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Re M1936
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16 Sep 2014, 01:07



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Re: M1936
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14 Mar 2015, 05:08
Bunuel wrote: Official Solution:
Statement (1) by itself is insufficient. S1 only tells that \(x\) is an integer. Statement (2) by itself is insufficient. Statements (1) and (2) combined are insufficient. Adding S2 to S1 will give that \(x\) is an integer bigger than 1. However, if \(x\) is 0, the answer is "no" (\([0] = [0]\)); if \(x\) is positive, the answer is "yes".
Answer: E Hi Bunuel, I think 1st statement is wrong, How can x= [x]+1 ? because x = [x] + {x}, Where {x} is fractional part, which is always less than 1. so x = [x] +1 can't be true in any circumstances.



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Re: M1936
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14 Mar 2015, 06:38
prasadk wrote: Bunuel wrote: Official Solution:
Statement (1) by itself is insufficient. S1 only tells that \(x\) is an integer. Statement (2) by itself is insufficient. Statements (1) and (2) combined are insufficient. Adding S2 to S1 will give that \(x\) is an integer bigger than 1. However, if \(x\) is 0, the answer is "no" (\([0] = [0]\)); if \(x\) is positive, the answer is "yes".
Answer: E Hi Bunuel, I think 1st statement is wrong, How can x= [x]+1 ? because x = [x] + {x}, Where {x} is fractional part, which is always less than 1. so x = [x] +1 can't be true in any circumstances. x = [x] + 1 is true for all integers. For example, if x = 3, then [3] = 2 (the largest integer smaller than 3), so 3 = 2 + 1.
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Re: M1936
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14 Mar 2015, 06:43
Bunuel wrote: prasadk wrote: Bunuel wrote: Official Solution:
Statement (1) by itself is insufficient. S1 only tells that \(x\) is an integer. Statement (2) by itself is insufficient. Statements (1) and (2) combined are insufficient. Adding S2 to S1 will give that \(x\) is an integer bigger than 1. However, if \(x\) is 0, the answer is "no" (\([0] = [0]\)); if \(x\) is positive, the answer is "yes".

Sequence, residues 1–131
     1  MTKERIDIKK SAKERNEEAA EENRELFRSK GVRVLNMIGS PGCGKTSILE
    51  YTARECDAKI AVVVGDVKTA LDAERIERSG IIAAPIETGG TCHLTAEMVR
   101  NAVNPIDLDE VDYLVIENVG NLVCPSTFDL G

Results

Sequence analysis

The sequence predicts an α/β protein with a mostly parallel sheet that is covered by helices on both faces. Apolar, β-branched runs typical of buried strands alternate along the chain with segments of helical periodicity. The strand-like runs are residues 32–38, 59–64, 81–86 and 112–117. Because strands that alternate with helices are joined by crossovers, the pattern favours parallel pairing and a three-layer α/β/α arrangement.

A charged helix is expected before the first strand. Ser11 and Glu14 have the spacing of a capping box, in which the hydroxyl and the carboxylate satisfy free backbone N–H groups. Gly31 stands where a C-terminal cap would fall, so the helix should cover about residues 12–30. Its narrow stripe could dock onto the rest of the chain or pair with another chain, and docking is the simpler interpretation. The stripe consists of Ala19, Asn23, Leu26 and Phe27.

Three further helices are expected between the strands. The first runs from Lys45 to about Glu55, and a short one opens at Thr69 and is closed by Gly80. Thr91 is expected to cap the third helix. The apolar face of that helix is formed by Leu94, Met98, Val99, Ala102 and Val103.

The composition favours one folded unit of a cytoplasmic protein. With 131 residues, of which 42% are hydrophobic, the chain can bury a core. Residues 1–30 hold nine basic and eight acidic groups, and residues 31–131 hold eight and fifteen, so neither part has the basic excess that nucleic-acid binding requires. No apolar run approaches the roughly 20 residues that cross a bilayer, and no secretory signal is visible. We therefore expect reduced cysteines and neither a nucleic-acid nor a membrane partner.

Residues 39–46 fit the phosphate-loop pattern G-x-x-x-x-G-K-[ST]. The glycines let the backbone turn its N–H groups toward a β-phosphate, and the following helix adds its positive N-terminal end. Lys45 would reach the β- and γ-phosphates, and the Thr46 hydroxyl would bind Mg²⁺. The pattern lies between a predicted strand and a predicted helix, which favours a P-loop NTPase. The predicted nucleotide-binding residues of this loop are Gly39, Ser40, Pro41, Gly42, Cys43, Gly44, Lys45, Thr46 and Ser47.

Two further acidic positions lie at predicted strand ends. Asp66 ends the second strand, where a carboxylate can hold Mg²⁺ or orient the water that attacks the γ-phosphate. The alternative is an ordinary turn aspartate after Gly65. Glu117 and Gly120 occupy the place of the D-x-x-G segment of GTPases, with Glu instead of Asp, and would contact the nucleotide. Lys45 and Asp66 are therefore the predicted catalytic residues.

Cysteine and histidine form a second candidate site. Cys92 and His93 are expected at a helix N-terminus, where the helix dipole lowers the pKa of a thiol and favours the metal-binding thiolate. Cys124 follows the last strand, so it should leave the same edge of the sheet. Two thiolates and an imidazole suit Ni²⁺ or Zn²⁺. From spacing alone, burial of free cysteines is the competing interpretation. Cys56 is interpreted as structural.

Answer: E Hi Bunuel, I think 1st statement is wrong, How can x= [x]+1 ? because x = [x] + {x}, Where {x} is fractional part, which is always less than 1. so x = [x] +1 can't be true in any circumstances. x = [x] + 1 is true for all integers. For example, if x = 3, then [3] = 2 (the largest integer smaller than 3), so 3 = 2 + 1. Oh Sorry, My bad. It's "smaller than" , I took it for greatest integer function. You removed "equal to".



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Re: M1936
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01 Nov 2015, 00:42
Hi Bunuel,
I have only one doubt.. when we combined two statements.. (1) & (2)..
We understood that "x is an integer" and "x>1"
So my Q is when x = 0 then [x] = 1; [x] = 1; Hence [x]<[x] and for all other cases [x]>[x]..
Hence insufficient to draw a conclusion, so option E is correct.
But as per you when x is 0 ([0] = [0]).. it is not as per the context of question which says (largest integer smaller than x)
Am I right? let me know.. thanks



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Re: M1936
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01 Nov 2015, 02:27



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can the question stem be further solved into asking if "x >2?"
if [x] > [x], (x1) > (x1), x > 2?



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Re: M1936
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20 Aug 2017, 19:19
Hi Bunuel,
With all due respect, I want to point out that there is something wrong with the question and the explanation you have provided to one of the fellow students.
The GIF value of an integer I is the integer I itself and not I1, something that you have stated and the explanation implies. It can be understood by the definition and graph plot of the GIF function. [x] : the greatest integer less than or equal to x. Equal when I is an integer of course. [6.4]=6 [6]=6 [6.4]=7